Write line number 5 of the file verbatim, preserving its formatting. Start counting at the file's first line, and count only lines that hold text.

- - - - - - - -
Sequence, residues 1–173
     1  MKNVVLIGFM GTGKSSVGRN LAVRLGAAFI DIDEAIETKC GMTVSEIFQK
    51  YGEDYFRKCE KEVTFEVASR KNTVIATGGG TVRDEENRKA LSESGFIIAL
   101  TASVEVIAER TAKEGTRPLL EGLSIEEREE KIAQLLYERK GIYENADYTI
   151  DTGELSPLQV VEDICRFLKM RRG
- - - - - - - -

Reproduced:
   151  DTGELSPLQV VEDICRFLKM RRG